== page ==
You know you're a one-hit wonder when the only photos anyone can find of you are from your basketball cards.
That typically means you didn't do too much through the length of your career, which, in MacLean's case, happened.
Named the '94 Most Improved Player after averaging 18.2 points—a 12-point spike from the previous year—he never once averaged more than 11.2 in his remaining seven years in the league.
After being signed by Major League Soccer's D.C. United at the age of 14, Adu was prompted to be the savior of American soccer and expected to popularize the sport in the States.
However, Adu seems to have fallen flat. With unremarkable results thus far in his career, he has become a forgotten man from what people had hoped.
At least he's only 23, so he still has time to prove himself.
Song: "How Bizarre" - OMC
We can probably all agree that Roger Federer is hands-down a top three tennis player of all-time, right? Winning the most major titles usually does that to an athlete.
So, when the world's No.1 lost to the up-and-coming del Potro in the 2009 U.S. Open, it was more than a little bizarre.
Sure, del Potro's currently the No. 7 ranked player in the world, but he hasn't done much since knocking off Federer.
We'd say it was just a case of "Juan and Done."
Song: "Unbelievable" - EMF
Tyree made what's widely considered the greatest (and most unbelievable) catch in Super Bowl history, but besides that snag have you known him to do anything else?
Neither do we, as proof by his one season in the league following the tremendous play.
Does anyone else remember when Brady Anderson jacked 50 homers during the '96 season?
It's pretty crazy stuff considering he was a leadoff man who never belted more than 21 in a season before that.
But for whatever reason, Anderson never even came close to approaching those numbers again for the remainder of his career, so the feeling was just bittersweet.
Besides his outrageous haircut and outgoing personality, The Boz might be best remembered for being on the wrong side of plays during his NFL career.
The overhyped, two-time All-American collegiate from Oklahoma never really lived up to his billing and was forced to retire after only playing 24 professional games.
Every time the Patriots seemed to get down in their unexpected run through the 2006 NCAA Tournament, they reminded us that it was always far from over, beating the likes of powerhouses North Carolina, Connecticut and Michigan State.
They may not have made it all the way to the National Title Game, but it was definitely a team fans still talk about.
Song: "Mickey" - Toni Basil
Spencer had Yanks fans thinking they found the next Mickey Mantle after the outfielder slugged eight homers during the stretch run of September, 1998—landing him on the cover of Sports Illustrated, and earning him the nickname "Roy Hobbs", in reference to the movie The Natural because of how he hit home runs.
He was never able to crack a loaded Yanks lineup, preventing Spencer from thriving in the Bronx, and he found himself a journeyman for the remainder of his career.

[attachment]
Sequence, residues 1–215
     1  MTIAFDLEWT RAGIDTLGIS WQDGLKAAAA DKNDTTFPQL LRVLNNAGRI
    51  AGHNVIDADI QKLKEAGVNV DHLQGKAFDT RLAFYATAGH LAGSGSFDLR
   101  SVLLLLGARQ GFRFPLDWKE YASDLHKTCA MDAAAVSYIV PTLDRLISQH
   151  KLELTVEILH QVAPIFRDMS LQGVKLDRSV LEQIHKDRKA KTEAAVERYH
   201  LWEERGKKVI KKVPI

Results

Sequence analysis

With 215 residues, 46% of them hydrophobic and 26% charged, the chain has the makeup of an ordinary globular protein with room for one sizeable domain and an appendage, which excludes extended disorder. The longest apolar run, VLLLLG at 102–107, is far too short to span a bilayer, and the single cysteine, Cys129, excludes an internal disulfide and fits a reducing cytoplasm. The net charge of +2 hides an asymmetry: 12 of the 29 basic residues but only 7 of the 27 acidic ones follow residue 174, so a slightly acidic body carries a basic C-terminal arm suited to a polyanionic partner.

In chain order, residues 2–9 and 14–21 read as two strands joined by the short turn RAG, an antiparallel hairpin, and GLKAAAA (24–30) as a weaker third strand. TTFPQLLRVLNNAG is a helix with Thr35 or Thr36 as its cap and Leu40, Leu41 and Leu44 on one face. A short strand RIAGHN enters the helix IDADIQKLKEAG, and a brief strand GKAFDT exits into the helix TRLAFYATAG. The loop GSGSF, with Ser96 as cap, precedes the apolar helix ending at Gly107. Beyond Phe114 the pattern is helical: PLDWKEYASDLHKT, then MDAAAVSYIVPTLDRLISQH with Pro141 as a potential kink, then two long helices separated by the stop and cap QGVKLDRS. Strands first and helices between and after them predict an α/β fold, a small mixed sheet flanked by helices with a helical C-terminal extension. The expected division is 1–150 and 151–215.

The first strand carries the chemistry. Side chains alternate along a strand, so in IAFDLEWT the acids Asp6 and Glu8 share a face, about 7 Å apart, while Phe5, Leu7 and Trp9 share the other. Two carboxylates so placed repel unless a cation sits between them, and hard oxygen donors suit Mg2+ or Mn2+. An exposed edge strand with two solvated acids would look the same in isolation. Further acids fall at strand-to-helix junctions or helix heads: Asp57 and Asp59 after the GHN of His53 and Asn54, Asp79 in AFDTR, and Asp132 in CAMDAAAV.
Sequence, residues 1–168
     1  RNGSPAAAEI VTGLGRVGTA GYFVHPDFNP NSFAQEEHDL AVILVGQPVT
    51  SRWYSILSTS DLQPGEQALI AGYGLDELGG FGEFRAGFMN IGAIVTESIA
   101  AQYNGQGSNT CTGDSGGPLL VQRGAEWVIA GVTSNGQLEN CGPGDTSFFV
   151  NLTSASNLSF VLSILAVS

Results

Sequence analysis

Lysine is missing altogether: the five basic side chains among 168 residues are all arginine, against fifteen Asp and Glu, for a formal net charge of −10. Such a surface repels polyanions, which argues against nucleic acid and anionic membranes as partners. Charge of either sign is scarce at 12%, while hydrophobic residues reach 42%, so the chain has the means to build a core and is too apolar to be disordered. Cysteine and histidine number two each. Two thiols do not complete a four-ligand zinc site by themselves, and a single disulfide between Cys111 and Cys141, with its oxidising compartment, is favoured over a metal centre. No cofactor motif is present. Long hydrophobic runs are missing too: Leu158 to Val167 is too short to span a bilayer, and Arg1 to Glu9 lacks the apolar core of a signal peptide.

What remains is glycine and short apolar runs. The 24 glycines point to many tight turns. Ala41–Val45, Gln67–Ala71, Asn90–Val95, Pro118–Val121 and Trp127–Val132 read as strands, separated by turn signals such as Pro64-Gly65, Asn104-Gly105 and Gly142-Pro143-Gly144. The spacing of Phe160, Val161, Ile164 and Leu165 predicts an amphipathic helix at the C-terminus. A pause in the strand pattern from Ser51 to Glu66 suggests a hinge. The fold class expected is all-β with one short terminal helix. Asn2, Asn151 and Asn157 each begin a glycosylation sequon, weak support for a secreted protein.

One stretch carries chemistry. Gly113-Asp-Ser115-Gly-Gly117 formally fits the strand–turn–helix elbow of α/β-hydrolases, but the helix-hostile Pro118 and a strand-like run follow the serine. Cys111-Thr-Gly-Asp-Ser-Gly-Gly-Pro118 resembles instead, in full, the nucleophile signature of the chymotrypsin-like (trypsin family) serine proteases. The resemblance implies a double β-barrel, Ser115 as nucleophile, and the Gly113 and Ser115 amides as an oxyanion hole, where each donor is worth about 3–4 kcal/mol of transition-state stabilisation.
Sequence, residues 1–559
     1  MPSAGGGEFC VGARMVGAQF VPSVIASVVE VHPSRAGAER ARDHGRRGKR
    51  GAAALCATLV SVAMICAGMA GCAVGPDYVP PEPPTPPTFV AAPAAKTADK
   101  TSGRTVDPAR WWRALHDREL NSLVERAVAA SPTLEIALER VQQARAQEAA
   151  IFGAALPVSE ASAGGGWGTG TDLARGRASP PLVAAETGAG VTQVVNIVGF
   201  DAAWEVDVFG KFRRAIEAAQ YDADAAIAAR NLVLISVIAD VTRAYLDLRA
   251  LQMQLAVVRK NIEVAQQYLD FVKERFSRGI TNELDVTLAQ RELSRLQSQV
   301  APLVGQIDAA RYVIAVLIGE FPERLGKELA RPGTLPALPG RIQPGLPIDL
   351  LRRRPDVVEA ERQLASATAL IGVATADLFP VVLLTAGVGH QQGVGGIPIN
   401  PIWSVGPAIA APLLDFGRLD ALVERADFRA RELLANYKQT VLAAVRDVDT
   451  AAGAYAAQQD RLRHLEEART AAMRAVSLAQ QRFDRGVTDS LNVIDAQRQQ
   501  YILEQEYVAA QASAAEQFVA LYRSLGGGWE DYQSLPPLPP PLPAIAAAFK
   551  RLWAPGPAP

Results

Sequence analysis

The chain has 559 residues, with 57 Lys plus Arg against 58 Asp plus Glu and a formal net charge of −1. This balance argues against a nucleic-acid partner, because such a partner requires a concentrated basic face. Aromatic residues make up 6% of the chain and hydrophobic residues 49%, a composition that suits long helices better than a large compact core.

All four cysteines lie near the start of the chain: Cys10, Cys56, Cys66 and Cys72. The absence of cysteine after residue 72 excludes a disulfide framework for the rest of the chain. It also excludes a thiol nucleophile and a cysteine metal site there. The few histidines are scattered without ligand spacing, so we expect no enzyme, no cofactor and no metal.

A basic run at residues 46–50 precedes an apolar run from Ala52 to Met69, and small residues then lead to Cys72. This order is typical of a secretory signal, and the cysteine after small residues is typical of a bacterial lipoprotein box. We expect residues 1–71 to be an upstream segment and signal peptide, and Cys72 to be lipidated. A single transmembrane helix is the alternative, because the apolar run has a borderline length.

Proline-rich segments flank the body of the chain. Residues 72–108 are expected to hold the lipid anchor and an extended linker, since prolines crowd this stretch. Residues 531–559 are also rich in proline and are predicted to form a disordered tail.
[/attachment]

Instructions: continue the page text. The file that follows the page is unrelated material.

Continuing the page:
You know what you can do in 4.8 seconds?
Some people may be able to eat a whole hot dog.
It might take others that long to tie their shoe.
But for Edney, he ran as fast as he could, going the length of the floor for eventual champ UCLA to avoid losing in the NCAA tourney back in 1995.
After playing for three teams in four years in the pros, Edney never made a name for himself besides his Bruins days though.
The little-known school from North Carolina traveled to the Big House to take on the No. 5 Wolverines, who were bringing back seniors Chad Henne and Mike Hart, along with stud junior receiver Mario Manningham, hoping to compete for the national title.
But when the Mountaineers brought their "nothing to lose" attitude and blocked a last-ditch field goal attempt by Michigan, it was one of the great college football upsets ever.
After being debated with Peyton Manning over who should be the No. 1 overall pick in the 1998 Draft, Leaf ultimately went No. 2, ending up with the Chargers.
We all know what happened.
Dude flamed out, thanks to clashing with teammates and partying a little too much off the field, and is widely considered one of the biggest busts of all-time.
Like others on this list, it's his lack of living up to his billing that earns him a spot.
Remember how Russell was the first overall pick in the NFL Draft back in 2007?
And how he basically stole more than $39 million for having a win-loss record of 7-18, while tossing 18 touchdown passes to his 23 interceptions in his 31 career games?
Yeah, he may not have ever had a great pro season, but the fact he was thought of as a franchise QB lands him No. 2 on our list.
Yes, that's all-around badass Mike Tyson hitting the mat after Douglas knocked him out in what turned out to be one of the biggest sports upsets in history.
Going off at 42-1 odds is never a good sign, but Douglas beat the undisputed heavyweight champ in 1990, before never really being heard from again.
Douglas was as close to a real-life Rocky as anyone in sports history.